Tag Archives: Knights of Columbus

Newtown, CT Knights dedicated new space: Moritz Hall

Bp Lori blesses St Rose KofC meeting space.jpg

On Saturday August 16th Bishop Lori blessed the grounds of
the new Council 185 Meeting and Storage building which will be named Moritz

The Moritz Hall derives its name from PGK Len Moritz who has been a major
force assuring completion of this four year project.

The hot day was part of a
Saint Rose of Lima (Newtown, CT) hosted Fan the Fire Youth Rally. Over 600 teens from all
over the diocese spent the day participating in renewal, witness and
confession. The day ended with a sunset Mass celebrated by Bishop Lori,
Monsignor Robert Weiss and a host of concelebrants. Vivat Jesus!

Antonella Cappuccio: Contemporary Italian Paintings

ACappuccio.jpegThe Knights of Columbus Museum is hosting an exhibit of an artist who has painted popes and scenes relevant to our human reality. Some hail Antonella Cappuccio as reviving a renaissance sense of painting. I like her work because it is evocative. See for yourself: the exhibit runs until October 4th.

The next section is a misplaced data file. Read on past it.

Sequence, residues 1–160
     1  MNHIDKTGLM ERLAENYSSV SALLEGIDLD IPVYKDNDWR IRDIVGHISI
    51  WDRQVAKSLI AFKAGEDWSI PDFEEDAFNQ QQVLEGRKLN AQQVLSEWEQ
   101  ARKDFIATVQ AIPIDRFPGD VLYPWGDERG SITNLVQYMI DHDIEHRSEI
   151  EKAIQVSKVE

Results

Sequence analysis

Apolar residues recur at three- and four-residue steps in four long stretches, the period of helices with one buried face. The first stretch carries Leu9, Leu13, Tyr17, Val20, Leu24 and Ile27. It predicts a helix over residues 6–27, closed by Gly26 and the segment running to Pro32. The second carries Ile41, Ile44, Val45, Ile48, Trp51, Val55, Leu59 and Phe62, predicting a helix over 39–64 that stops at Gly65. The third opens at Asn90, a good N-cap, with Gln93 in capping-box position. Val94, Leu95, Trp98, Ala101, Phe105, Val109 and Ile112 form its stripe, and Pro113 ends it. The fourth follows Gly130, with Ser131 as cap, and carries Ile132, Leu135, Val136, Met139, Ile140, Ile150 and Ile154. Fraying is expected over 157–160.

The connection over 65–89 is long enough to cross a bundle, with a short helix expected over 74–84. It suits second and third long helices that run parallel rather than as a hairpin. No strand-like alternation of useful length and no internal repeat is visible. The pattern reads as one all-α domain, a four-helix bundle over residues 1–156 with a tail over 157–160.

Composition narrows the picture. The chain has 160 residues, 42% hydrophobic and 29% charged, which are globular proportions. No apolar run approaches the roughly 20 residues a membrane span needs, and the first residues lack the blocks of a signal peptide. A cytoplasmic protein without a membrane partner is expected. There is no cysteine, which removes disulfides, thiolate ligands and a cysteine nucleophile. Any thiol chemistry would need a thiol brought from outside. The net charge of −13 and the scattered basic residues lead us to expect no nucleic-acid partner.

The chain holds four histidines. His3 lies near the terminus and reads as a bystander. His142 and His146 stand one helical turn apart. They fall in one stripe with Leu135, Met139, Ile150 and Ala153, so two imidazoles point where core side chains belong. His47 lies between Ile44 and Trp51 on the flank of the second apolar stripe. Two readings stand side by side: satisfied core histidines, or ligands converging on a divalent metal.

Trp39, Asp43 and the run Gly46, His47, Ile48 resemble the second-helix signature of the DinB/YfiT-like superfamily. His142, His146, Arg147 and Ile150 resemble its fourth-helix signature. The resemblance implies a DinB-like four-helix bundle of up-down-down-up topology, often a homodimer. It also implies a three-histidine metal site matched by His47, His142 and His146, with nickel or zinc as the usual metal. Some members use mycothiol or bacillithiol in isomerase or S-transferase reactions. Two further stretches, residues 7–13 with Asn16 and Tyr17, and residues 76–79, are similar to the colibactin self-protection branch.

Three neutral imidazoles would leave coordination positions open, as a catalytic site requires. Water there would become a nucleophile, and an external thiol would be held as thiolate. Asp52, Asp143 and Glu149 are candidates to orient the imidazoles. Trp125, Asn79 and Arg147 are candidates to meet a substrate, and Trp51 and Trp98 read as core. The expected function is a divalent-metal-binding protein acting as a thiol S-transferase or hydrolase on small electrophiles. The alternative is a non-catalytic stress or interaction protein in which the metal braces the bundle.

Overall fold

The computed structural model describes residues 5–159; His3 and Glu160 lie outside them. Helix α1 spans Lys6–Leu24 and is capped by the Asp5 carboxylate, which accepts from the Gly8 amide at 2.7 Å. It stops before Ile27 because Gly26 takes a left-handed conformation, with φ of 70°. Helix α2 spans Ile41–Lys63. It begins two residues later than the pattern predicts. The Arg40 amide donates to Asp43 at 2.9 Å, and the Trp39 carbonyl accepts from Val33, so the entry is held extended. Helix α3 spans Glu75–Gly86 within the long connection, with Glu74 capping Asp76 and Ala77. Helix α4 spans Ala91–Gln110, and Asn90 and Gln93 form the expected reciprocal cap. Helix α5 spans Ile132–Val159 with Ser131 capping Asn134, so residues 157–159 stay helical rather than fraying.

KofC Museum is a philanthropic work of the Knights. The museum was founded in 1982. The museum is a contemporary work of the Knights that takes seriously the artistic interests of Father Michael McGivney who brought art and faith together when he served in various parishes in New Haven and Torrington, CT.

Today’s New Haven Register article
Visit the Cappuccio webpage of the exhibit at The Knights of Columbus Museum

Called to Love: Approaching John Paul II’s Theology of the Body

This new book, Called to Love: Approaching John Paul II’s Theology of the Body, due to be released on April 14, discusses John Paul II’s theology of the body and the meaning of human love. This interview appeared in the April 2009 issue of Columbia magazine, the organ of communication of the Knights of Columbus. I am grateful for the opportunity to re-publish it here.


By the Columbia Staff